Oct 31, 2014 12:05 PM
Burkina Faso army general takes power
The Associated Press
OUAGADOUGOU, Burkina Faso (AP) An army general took power in Burkina Faso Friday after President Blaise Compaore stepped down, ending his 27 year rule of the West African country.
Army Gen. Honore Traore, the joint chief of staff, has assumed power, state radio announced.
Compaore was forced out of office by a burst of violent protests in which parliament was set ablaze. The protesters refused to accept anything short of Compaore's immediate resignation.
Opposition protesters gathered in a square in the capital burst into cheers when they heard the announcement of Compaore's resignation on hand-held radios. They had been massing for a second day to push for Compaore to leave after their unrest had already persuaded the longtime leader not to run again for election.
"I declare that I'm leaving power in order to have a free and transparent election in 90 days," said Compaore in a statement read out on television and radio stations. "For my part, I think I have fulfilled my duty."
Compaore, 63, said he decided to leave power "in light of the severely deteriorated sociopolitical situation and the threat of division in our national army and out of a desire to preserve the peace."
With the parliament and the government dissolved a day earlier, the military, which has had a visible role in this crisis, stepped into the vacuum.
Meanwhile, Compaore was headed south to the city of Po, near the border with Ghana, a French diplomatic official said on condition of anonymity, citing the sensitivity of the situation. He is still in Burkina Faso, and it was not clear if he was trying to cross, the official said. He had not asked the French, who were once the country's colonial rulers, for any help.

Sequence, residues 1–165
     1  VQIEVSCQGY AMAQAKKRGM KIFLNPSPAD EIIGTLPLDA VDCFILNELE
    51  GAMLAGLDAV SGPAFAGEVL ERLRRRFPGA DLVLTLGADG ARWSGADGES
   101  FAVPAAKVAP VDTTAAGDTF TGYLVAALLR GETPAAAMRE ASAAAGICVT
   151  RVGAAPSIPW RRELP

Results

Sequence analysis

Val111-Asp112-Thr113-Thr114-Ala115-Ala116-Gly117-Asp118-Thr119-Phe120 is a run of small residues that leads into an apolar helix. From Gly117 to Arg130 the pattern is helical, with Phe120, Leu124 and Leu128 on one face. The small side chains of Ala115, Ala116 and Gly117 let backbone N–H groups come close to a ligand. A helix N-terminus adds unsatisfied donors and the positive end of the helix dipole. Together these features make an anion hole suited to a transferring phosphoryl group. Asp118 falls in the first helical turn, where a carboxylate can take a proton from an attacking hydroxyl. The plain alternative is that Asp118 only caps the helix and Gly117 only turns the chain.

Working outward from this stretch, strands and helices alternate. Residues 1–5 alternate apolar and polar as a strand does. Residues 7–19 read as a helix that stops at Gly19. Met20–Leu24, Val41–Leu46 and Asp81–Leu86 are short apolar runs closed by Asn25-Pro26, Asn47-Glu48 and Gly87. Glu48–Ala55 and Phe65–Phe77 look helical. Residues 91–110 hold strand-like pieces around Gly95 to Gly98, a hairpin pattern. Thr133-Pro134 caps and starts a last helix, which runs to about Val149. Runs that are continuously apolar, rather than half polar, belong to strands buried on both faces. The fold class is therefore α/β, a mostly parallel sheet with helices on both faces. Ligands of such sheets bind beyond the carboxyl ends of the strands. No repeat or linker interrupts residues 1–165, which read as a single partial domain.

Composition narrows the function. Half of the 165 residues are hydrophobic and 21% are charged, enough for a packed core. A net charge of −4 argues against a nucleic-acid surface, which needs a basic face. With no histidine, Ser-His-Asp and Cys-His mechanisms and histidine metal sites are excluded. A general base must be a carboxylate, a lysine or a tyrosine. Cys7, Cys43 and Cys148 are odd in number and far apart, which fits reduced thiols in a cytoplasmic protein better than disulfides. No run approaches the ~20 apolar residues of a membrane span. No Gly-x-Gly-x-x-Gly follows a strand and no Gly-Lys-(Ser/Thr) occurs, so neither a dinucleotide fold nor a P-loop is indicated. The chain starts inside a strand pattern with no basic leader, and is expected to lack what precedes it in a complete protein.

For months, an opposition coalition has been urging Compaore not to seek re-election for what would have been his fifth term in power. But Compaore and his ruling party looked set to push a bill through parliament on Thursday that would have allowed him to run again.
Determined to block the vote, protesters stormed the building, the vote was suspended and the military announced the legislature had been dissolved and a transition government would be formed. After that, Compaore said he would lead until the new elections.
But protesters rejected that plan and gathered again Friday, demanding that Compaore step down immediately.
It was a dramatic turn of events for one of Africa's longest serving leaders who has survived other attempts to topple him.
Compaore first came to power following the October 1987 coup against then-President Thomas Sankara, Compaore's longtime friend and political ally who was killed in the power grab.
And for many, his legacy begins and ends with the death of Sankara, a well-regarded statesman whose death was widely viewed as a setback for the entire continent.
But Compaore has reinvented himself many times over the years. As a young man, he was in the military. He became justice minister when troops stormed Ouagadougou in 1983 and installed Sankara as president. After he took power in his own coup, he developed a reputation as a meddler and a supporter of regional conflicts.
He openly supported Charles Taylor, the Liberian warlord turned president, though he denied active involvement in the Liberian conflict. Compaore also was accused of supporting rebel groups in Ivory Coast and Angola.
But more recently, he has refashioned himself as an elder statesman who brokered electoral disputes and hostage releases throughout West Africa.
Domestically he kept a tight leash on any opposition and never groomed a viable political heir and fought off threats to his power. In 2011, waves of protests washed over Burkina Faso, challenging Compaore's rule, and mutinous soldiers occupied the palace at one point, forcing the president to flee.
But what would have spelled the end for many presidents was a mere temporary problem for Compaore and he maneuvered to stay in power by removing his security chiefs and appointing himself defense minister before returning to Ouagadougou.
Associated Press writer Sylvie Corbet in Paris contributed to this report.